Animal experimentation in the European Union is subject to strict legislation, and in the Netherlands this is set down in the Experiments on Animals Act. This act is based on the intrinsic worth of the animal: the worth of the animal in and of itself, independent of its value or use to man. This means that there must be a very good reason for carrying out animal experimentation.
According to the law, animal experimentation must be subjected to ethical review. This takes place according to strictly organised procedures overseen by the Animal Welfare Body.
All animals have an intrinsic worth, a worth that is independent of its value or use to man. This means that the interests of the animal, for example to avoid pain and suffering, must be respected. The animal deserves this respect because of what it is, because it is a living being that is able to experience pain and suffering.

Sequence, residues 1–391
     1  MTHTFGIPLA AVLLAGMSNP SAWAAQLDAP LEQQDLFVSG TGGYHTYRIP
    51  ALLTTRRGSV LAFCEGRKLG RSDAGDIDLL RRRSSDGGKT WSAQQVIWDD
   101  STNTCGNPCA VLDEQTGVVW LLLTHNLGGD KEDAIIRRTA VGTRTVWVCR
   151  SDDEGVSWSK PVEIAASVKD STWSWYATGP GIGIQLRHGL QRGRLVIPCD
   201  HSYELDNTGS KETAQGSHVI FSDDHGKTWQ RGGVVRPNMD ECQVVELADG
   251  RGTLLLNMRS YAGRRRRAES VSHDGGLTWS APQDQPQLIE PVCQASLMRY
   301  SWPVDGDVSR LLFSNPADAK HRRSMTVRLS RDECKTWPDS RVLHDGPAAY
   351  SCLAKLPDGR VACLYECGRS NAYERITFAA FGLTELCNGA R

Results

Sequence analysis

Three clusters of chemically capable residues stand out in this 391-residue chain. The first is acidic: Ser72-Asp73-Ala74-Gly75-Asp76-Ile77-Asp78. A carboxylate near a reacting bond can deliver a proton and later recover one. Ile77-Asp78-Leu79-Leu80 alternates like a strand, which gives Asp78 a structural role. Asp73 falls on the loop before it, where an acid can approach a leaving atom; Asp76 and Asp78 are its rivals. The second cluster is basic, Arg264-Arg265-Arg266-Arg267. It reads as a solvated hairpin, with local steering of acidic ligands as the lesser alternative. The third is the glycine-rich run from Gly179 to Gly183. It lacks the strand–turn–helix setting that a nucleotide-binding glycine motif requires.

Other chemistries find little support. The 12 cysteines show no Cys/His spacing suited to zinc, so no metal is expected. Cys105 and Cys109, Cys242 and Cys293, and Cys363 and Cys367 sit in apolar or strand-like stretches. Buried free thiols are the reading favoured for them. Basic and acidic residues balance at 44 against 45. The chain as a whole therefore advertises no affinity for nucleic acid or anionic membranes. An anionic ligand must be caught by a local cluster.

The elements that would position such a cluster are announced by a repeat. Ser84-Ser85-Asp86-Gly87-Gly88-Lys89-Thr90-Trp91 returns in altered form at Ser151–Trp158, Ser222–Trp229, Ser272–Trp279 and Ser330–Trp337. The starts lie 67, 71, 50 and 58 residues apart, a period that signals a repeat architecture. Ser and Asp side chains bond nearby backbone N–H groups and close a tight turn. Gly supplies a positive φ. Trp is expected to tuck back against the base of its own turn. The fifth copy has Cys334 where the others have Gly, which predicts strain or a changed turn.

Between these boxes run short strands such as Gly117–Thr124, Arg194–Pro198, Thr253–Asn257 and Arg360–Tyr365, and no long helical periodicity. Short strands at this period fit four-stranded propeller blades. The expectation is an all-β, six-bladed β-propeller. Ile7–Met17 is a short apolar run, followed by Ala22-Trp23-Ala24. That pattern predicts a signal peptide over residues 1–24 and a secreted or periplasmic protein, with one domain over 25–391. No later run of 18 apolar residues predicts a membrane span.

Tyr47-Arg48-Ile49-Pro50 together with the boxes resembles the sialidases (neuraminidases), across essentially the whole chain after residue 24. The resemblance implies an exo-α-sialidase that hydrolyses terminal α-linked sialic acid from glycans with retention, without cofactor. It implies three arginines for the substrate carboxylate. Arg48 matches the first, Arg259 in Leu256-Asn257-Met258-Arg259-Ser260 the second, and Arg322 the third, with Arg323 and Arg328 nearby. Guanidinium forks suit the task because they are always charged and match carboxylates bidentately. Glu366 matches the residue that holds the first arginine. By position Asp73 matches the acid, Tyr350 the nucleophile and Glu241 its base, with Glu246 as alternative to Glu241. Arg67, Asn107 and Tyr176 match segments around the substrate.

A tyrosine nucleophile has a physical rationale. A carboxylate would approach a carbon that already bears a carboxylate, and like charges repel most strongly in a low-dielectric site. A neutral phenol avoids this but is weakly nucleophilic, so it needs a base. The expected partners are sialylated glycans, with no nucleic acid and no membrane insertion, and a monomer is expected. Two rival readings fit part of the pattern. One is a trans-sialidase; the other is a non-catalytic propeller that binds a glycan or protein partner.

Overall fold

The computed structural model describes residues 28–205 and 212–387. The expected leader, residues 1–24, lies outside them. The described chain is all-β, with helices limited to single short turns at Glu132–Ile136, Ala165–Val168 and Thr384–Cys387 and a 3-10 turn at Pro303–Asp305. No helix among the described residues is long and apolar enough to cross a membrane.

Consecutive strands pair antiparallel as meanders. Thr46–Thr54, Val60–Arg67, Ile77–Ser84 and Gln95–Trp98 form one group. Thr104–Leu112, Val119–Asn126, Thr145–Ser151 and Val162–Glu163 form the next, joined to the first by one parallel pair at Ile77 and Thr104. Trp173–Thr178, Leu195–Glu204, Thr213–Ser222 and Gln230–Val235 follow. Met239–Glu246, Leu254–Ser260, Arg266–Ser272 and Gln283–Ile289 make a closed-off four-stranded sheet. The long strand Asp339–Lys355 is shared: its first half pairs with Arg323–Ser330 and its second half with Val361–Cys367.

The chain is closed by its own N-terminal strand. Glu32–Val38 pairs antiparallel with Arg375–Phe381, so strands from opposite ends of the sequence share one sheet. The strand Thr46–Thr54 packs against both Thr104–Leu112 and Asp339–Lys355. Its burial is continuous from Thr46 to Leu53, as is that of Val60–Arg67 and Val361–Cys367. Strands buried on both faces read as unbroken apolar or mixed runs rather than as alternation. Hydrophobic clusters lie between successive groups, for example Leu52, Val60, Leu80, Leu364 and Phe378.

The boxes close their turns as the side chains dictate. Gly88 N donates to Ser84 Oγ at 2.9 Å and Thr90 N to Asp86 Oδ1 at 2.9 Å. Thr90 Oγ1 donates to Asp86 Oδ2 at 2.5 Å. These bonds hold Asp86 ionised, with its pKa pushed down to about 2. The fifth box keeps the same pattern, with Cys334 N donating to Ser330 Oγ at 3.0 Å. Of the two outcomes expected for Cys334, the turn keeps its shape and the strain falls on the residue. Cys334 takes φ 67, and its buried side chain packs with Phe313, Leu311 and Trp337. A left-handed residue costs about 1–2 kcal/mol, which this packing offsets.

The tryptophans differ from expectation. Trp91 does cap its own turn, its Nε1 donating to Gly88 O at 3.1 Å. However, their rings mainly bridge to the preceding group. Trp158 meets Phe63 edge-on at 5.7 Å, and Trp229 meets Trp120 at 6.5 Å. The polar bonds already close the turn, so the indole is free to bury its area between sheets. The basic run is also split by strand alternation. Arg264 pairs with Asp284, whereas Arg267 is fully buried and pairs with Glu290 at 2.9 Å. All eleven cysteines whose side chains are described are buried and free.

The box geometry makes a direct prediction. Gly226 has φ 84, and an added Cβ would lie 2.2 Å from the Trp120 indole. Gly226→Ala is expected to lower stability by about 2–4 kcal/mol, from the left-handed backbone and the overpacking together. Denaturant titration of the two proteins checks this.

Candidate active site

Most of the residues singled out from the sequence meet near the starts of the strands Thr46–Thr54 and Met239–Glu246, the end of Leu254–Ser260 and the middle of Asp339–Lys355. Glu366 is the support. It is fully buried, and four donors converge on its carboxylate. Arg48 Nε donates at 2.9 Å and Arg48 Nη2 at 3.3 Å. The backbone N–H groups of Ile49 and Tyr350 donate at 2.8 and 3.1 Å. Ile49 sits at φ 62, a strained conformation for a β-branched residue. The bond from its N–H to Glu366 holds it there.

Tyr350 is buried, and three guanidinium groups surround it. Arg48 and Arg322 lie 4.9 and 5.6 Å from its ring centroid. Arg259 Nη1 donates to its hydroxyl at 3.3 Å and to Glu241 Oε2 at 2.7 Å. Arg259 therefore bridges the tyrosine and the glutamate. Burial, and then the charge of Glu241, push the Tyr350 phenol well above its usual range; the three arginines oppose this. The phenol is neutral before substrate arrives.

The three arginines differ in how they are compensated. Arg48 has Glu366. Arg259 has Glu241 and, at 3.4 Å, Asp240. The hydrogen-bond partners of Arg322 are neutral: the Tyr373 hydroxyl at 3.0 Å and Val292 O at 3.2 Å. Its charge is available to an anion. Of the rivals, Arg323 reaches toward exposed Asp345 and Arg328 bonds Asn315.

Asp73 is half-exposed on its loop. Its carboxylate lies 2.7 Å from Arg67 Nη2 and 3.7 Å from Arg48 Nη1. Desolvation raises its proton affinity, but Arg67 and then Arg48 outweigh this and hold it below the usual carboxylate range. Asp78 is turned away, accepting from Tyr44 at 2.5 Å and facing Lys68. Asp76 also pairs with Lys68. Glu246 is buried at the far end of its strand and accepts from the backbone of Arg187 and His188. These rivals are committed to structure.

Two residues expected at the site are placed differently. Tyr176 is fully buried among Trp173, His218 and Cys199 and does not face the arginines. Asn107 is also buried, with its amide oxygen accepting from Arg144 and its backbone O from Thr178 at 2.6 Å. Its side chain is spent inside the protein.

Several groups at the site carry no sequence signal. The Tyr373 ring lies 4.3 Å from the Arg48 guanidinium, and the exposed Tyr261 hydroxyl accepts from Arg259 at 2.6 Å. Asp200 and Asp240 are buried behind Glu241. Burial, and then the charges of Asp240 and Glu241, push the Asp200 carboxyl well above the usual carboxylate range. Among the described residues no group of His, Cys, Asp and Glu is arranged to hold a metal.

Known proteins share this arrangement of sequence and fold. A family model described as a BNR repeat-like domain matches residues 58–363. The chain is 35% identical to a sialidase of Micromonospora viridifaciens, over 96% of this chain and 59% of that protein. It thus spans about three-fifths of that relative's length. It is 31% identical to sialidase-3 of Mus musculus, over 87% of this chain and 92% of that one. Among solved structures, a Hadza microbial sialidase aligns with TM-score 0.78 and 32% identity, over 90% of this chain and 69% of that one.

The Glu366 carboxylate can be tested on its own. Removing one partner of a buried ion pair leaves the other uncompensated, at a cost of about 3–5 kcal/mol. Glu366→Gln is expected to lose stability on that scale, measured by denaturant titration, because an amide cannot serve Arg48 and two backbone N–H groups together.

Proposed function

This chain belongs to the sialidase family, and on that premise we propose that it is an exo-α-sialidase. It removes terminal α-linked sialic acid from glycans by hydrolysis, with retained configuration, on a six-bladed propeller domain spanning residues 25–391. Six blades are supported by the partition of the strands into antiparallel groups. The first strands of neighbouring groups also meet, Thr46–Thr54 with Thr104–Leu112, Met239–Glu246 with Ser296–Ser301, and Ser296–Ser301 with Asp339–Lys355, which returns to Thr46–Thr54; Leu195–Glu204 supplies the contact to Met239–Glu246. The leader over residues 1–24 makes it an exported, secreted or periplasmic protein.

Prior to every animal experiment, experts weigh up the general interests (for example finding a cure for a disease) against the interests of the animal. The argument as to whether or not the experiment is acceptable must be clearly substantiated. A panel of independent experts checks that a sound ethical assessment has been made. Furthermore, it is necessary that
- the animal experiment is of sufficient academic quality
- the results can be expected to contribute to other research or teaching
- an active effort has been made to explore alternatives that would render the animal experimentation unnecessary or less damaging to the animal
- the research contributes either directly or indirectly to human or animal health